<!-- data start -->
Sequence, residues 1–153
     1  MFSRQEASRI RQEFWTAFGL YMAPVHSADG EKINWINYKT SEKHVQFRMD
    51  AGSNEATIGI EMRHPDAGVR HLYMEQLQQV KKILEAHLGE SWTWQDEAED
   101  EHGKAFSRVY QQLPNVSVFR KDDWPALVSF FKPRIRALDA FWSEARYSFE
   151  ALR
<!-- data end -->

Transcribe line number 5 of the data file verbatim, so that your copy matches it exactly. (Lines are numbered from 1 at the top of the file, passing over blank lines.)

   151  ALR